Jack Arnold directed a handful of smart, snappy and memorable genre pictures in the 1950's, including The Incredible Shrinking Man, It Came From Outer Space, High School Confidential and No Name On The Bullet, showing he knew how to make something fun and memorable out of ordinary material. But by 1975, Arnold was making a living knocking out episodes of The Brady Bunch and Love American Style, and there wasn't a lot of inspiration to be found in his work for hire. That's the biggest problem with Boss Nigger, a blaxploitation western Arnold cranked out in 1975 for producer, screenwriter, star and all-around badass Fred Williamson; Arnold's direction is professional, no more and no less, and keeps the story moving forward but never kicks this picture into third gear, creeping along without gaining momentum and giving the material about as much visual excitement as one of his episodes of Nanny and the Professor. As is so often the case in a grade-B western, it's up to the cast to bring some personality to this story, and they almost save the day. R.G. Armstrong and William Smith don't exactly break new ground as the city's corrupt sheriff and a sadistic outlaw, but they bring the sort of juice that made them fan favorites for folks who dig genre cinema, and there's something entertainingly surreal about seeing D'urville Martin bringing his sub-Dolemite comic relief to the Old West. But the star of this picture is Fred Williamson, and as usual the Hammer delivers the goods; he's not much on the subtle stuff, but when it comes time to show some swagger, take on the bad guys and kick some serious butt, Williamson can come to the rescue without forsaking his anti-hero status, and he takes this role just seriously enough to be commanding while displaying just enough tongue-in-cheek humor to let the fans know he's having fun playing cowboy. Boss Nigger lacks the iconic status of Williamson's earlier period effort The Legend of Nigger Charley, and not without reason -- for the most part, this is a standard-issue formula western dressed up with some blaxploitation gingerbread. But Williamson and his supporting cast give the picture more energy than it would likely have had with another cast, and fans of the Hammer will find it to be good, undemanding fun.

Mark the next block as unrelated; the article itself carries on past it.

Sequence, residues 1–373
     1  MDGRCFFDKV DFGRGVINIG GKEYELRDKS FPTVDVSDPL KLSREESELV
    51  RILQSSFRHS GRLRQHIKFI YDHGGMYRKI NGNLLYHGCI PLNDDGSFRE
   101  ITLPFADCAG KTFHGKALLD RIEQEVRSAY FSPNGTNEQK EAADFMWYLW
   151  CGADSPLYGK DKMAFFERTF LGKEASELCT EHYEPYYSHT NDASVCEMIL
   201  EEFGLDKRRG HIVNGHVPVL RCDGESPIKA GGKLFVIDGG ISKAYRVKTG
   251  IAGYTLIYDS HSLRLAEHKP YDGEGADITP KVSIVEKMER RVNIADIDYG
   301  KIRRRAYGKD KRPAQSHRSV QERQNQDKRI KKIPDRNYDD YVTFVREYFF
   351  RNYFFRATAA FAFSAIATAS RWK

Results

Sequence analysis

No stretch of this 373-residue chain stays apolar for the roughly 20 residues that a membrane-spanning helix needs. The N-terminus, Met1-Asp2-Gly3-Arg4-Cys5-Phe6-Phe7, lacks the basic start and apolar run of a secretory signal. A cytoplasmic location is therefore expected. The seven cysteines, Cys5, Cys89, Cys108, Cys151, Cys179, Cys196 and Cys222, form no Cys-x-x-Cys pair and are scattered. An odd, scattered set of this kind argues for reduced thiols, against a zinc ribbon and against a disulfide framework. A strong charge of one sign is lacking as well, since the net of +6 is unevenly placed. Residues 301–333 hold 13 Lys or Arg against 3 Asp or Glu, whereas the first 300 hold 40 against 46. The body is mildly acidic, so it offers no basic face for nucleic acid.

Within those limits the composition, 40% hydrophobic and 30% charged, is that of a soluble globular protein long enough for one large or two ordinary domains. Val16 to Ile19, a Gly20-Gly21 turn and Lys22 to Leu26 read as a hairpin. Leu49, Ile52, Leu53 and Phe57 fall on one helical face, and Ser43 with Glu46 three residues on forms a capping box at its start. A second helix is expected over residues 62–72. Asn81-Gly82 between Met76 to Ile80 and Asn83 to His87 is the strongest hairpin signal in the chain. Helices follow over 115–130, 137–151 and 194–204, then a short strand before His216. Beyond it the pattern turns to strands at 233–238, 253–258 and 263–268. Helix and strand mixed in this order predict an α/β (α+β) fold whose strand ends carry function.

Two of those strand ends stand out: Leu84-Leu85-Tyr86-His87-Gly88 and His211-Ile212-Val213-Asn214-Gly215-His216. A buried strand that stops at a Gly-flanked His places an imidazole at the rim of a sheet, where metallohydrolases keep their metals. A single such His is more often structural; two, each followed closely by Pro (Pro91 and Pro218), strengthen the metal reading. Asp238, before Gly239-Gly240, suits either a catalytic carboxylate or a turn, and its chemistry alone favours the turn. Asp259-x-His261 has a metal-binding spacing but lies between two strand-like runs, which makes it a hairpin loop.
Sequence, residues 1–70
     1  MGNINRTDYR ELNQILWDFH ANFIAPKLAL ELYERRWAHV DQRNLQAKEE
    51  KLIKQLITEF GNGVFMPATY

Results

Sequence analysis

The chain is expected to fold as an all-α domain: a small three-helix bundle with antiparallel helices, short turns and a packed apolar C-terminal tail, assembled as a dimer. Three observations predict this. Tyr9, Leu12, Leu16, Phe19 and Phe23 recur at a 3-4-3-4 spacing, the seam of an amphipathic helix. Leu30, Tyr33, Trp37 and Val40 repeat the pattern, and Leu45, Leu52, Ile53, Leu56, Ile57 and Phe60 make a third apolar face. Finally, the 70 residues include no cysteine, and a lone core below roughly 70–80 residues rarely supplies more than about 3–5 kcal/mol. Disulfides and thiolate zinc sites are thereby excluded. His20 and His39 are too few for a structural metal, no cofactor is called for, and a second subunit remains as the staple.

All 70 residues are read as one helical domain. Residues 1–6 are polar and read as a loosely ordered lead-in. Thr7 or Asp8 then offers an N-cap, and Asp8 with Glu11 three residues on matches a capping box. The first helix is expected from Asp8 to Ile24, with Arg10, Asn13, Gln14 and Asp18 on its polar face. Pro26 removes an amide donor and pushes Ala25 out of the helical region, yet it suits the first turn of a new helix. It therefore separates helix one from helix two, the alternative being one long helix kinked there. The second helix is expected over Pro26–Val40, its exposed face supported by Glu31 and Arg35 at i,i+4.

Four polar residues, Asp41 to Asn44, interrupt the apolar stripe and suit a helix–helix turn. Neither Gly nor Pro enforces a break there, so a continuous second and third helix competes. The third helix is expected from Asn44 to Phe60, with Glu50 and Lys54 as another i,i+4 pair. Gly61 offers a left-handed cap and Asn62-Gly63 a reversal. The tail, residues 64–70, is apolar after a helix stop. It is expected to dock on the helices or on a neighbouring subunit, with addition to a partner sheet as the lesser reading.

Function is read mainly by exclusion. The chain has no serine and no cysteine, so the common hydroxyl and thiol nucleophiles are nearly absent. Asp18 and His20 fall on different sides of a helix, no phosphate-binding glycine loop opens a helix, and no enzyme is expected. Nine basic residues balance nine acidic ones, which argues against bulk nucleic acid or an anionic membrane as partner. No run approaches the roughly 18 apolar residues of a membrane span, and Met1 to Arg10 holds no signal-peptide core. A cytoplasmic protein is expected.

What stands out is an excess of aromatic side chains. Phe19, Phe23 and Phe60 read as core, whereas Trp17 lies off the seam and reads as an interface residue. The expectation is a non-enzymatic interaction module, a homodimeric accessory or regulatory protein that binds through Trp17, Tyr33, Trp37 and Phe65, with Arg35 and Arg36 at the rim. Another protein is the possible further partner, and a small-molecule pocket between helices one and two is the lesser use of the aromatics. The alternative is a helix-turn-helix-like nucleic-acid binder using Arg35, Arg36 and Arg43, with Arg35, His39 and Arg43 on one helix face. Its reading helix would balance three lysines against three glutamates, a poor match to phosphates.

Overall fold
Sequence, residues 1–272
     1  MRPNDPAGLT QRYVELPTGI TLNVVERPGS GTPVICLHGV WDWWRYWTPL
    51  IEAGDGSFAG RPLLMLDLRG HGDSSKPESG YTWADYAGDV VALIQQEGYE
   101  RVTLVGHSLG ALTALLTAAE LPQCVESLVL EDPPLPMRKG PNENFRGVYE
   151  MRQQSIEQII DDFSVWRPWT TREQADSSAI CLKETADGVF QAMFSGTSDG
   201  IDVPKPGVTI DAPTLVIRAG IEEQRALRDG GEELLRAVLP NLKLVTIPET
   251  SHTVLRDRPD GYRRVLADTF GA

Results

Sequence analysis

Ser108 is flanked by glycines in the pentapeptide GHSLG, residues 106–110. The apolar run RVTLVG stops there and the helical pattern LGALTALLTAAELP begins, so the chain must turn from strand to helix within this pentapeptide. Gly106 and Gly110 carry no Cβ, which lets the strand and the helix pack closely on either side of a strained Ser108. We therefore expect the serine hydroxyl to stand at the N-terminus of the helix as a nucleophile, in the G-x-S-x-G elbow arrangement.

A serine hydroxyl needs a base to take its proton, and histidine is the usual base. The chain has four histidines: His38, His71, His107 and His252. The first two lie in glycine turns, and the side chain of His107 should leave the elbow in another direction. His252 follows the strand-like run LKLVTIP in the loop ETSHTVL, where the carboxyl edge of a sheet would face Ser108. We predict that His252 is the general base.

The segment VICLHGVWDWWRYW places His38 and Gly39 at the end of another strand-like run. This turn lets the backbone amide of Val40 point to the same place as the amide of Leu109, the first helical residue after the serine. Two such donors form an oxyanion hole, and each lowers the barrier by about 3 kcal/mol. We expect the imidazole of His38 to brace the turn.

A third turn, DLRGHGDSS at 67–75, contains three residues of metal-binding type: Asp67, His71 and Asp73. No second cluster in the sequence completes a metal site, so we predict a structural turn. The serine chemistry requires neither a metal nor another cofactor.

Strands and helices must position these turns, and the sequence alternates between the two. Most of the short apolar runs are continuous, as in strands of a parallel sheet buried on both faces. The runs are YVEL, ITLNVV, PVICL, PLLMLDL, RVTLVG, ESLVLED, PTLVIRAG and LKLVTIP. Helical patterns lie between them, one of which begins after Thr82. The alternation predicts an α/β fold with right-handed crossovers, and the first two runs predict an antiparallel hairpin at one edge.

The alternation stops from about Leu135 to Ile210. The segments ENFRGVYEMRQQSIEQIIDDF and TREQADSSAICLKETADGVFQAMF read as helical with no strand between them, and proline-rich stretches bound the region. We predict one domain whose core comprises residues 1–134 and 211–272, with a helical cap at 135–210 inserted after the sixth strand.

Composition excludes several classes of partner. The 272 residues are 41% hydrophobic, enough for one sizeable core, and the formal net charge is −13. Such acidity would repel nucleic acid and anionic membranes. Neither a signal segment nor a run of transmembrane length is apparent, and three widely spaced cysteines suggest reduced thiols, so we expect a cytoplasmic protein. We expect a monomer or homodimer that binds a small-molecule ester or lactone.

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Product Details

  • Release Date: 10/21/2008
  • UPC: 089859058424
  • Original Release: 1974
  • Source: Vci Video
  • Region Code: 0
  • Presentation: Wide Screen / Enhanced
  • Time: 1:27:00
  • Format: DVD
  • Sales rank: 28,734

Cast & Crew

Performance Credits
Jerry Butler
Mike Horner
Angel Kelly
Krista Lane
Shauna McCullough
R.G. Armstrong Mayor
Carmen Hayworth Clara Mae
Barbara Leigh Miss Pruitt
D'Urville Martin Amos
William Smith Jed Clayton
Fred Williamson Boss Nigger
Don "Red" Barry
Carmen Zapata
Ben Zeller Blacksmith
Elizabeth Saxon Uppity Wife
V. Phipps-Wilson Bubbles
Philip L. Mead Mayor's Man
Technical Credits
Jack Arnold Director, Producer
Robert Caramico Cinematographer
Gene Ruggiero Editor
Fred Williamson Producer, Screenwriter
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Scene Index

Disc #1 -- Boss
1. Bounty Hunters [3:34]
2. Intro [1:59]
3. Good Samaritan [4:36]
4. Black Devils [7:49]
5. Shoe Shine! [7:20]
6. New Sheriff [8:31]
7. Shopping Spree [10:19]
8. Peeping Tom [7:21]
9. House Call [6:23]
10. Jed Clayton [14:23]
11. Recovery [10:12]
12. Comeupance [10:11]
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Menu

Disc #1 -- Boss
   Play
   Scenes
   Extras
      A Conversation With Fred "The Hammer" Williamson With Joel Blumberg
      "A Boss Memory" With Producer Myrl Schreibman
      A Jack Arnold Tribute by Producer Myrl Schreibman
      Original Theatrical Trailer